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Great Babies of History

Posted April 09, 2010 to photo album "Great Babies of History"

With Babies in theaters, we take look back on some of the most memorable babies of all time.

Slide 1: Introduction - Great Babies of History
Slide 2: The Child of God - The Baby Jesus
Slide 3: The Children of Empire - Romulus and Remus
Slide 4: Child of Hope - Keith Haring's Radiant Baby
Slide 5: Child of Commerce - The Gerber Baby
Slide 6: Child of Legend - Hercules
Slide 7: Child of Fantasy - Mowgli
Slide 8: Child of Power - Bronzino’s Portrait of Giovanni de' Medici
Slide 9: Child of Racism - Tar baby
Slide 10: Child of Cinema - The baby in Rescued from an Eagle Nest
Slide 11: Child of Capitalism - Baby Herman
Slide 12: Child of Comics - Swee'Pea
Slide 13: Child of Crime - The Lindbergh baby
Slide 14: Child of Horror - The It's Alive baby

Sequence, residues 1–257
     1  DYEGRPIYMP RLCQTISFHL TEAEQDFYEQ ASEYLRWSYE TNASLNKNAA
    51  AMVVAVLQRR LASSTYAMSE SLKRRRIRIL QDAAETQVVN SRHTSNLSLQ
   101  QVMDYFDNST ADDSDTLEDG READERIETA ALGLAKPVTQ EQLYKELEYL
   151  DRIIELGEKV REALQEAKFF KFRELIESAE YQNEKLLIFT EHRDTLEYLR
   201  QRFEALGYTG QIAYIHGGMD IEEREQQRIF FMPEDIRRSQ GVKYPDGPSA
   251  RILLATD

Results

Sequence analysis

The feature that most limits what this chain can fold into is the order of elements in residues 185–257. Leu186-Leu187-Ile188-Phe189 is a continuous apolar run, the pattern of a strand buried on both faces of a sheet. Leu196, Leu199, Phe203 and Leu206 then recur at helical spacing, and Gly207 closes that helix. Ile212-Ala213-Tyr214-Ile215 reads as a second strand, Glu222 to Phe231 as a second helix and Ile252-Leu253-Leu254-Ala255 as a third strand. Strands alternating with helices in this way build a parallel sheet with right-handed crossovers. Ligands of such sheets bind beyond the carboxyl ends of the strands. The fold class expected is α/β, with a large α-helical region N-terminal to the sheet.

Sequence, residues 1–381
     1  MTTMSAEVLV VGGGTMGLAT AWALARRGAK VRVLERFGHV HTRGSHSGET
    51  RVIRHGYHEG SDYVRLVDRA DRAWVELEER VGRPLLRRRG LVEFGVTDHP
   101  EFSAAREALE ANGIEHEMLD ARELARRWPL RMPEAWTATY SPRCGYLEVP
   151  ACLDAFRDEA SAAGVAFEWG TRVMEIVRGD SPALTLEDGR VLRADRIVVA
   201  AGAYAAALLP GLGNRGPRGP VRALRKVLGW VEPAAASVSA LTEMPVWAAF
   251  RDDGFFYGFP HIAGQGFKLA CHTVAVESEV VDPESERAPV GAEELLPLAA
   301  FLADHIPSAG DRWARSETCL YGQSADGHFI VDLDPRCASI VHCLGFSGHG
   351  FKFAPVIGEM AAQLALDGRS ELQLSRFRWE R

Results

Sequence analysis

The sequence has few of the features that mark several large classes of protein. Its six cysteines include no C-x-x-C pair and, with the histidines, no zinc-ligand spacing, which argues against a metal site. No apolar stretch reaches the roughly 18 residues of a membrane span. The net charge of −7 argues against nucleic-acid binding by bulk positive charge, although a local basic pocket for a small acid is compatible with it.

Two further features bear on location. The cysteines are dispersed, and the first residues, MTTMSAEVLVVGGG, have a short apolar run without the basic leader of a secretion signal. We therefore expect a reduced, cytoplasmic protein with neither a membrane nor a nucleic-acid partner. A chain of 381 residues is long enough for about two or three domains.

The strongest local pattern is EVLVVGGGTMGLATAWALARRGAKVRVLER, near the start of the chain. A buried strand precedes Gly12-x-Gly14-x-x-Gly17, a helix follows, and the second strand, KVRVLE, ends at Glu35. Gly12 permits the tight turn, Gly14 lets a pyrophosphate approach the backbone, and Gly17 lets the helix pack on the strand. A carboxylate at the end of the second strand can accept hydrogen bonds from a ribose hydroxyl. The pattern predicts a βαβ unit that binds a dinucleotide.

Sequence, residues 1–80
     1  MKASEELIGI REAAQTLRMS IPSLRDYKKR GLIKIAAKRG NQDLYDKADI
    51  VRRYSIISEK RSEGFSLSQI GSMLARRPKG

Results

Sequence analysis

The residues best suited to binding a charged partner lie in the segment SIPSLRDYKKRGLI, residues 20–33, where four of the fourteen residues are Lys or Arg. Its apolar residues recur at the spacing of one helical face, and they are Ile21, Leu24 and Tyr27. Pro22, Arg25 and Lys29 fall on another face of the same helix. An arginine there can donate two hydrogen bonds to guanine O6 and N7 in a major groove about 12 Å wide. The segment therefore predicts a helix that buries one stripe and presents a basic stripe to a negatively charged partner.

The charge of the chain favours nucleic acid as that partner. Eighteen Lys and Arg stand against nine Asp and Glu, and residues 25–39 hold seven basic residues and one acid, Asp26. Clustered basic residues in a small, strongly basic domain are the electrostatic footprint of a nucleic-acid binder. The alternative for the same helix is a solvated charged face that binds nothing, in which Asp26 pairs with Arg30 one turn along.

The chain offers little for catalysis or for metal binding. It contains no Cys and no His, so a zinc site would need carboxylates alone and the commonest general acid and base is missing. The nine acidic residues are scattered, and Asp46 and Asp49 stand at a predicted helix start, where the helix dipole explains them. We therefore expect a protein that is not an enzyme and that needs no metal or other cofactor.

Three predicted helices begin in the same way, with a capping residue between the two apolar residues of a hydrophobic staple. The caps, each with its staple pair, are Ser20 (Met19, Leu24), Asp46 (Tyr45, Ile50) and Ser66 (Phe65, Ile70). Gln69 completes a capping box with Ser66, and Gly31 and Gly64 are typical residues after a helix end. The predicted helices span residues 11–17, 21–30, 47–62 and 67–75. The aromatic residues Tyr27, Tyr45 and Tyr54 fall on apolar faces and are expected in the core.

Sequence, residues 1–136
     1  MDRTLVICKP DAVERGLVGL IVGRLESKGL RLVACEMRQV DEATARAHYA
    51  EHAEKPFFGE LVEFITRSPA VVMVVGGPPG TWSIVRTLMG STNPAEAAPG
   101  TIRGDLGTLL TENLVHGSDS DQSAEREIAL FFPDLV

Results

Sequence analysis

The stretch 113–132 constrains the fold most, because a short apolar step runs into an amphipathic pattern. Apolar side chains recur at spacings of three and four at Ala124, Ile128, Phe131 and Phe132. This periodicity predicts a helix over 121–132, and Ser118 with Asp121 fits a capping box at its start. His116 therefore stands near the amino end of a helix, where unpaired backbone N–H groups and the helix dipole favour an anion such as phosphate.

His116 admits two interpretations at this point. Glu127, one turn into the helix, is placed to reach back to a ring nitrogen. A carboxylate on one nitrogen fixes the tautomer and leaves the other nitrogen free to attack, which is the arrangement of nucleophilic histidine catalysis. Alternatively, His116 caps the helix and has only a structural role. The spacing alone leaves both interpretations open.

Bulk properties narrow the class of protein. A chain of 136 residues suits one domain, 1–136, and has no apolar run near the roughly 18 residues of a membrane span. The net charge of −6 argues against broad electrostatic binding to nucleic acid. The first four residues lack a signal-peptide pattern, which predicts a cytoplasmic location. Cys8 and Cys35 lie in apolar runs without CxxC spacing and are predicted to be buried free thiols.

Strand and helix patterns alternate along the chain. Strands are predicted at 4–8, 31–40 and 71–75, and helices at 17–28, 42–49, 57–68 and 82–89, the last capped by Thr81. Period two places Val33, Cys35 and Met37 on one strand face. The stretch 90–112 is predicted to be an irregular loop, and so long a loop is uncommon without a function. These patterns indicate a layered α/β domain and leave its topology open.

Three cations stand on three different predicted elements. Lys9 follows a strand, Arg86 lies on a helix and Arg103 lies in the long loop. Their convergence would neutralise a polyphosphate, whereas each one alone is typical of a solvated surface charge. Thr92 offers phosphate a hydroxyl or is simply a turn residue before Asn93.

Slide 15: Child of Persistence - Baby Huey
Slide 16: Children of Television - Rugrats
Slide 17: Child of the Coen brothers - Junior from Raising Arizona
Slide 18: Child of Satan - Rosemary's Baby
Slide 9: Child of Racism - Tar baby

Slide 9: Child of Racism - Tar baby

The Tar-baby was born in Joel Chandler Harris’ 19th century tales of Uncle Remus, who describes how Br’er Fox created the critter to ensnare Br’er Rabbit: “Brer Fox went ter wuk en got 'imsome tar, en mix it wid some turkentime, en fix up a contrapshun w'at he call a Tar-Baby.” He laid the “baby” by the road hoping Br’er Rabbit would get stuck when he picked it up. In 1946, when Walt Disney decided to adapt Harris’ stories into their animated epic Song of the South, Tar-Baby became a point of controversy, since the term was also used as racial slur. Years later, the novelist Toni Morrison tried to redeem the poor thing, using it as the tile of a book: “Tar Baby is also a name, like 'nigger,' that white people call black children, black girls, as I recall…. At one time, a tar pit was a holy place, at least an important place, because tar was used to build things…. It held together things like Moses' little boat and the pyramids. For me, the tar baby came to mean the black woman who can hold things together."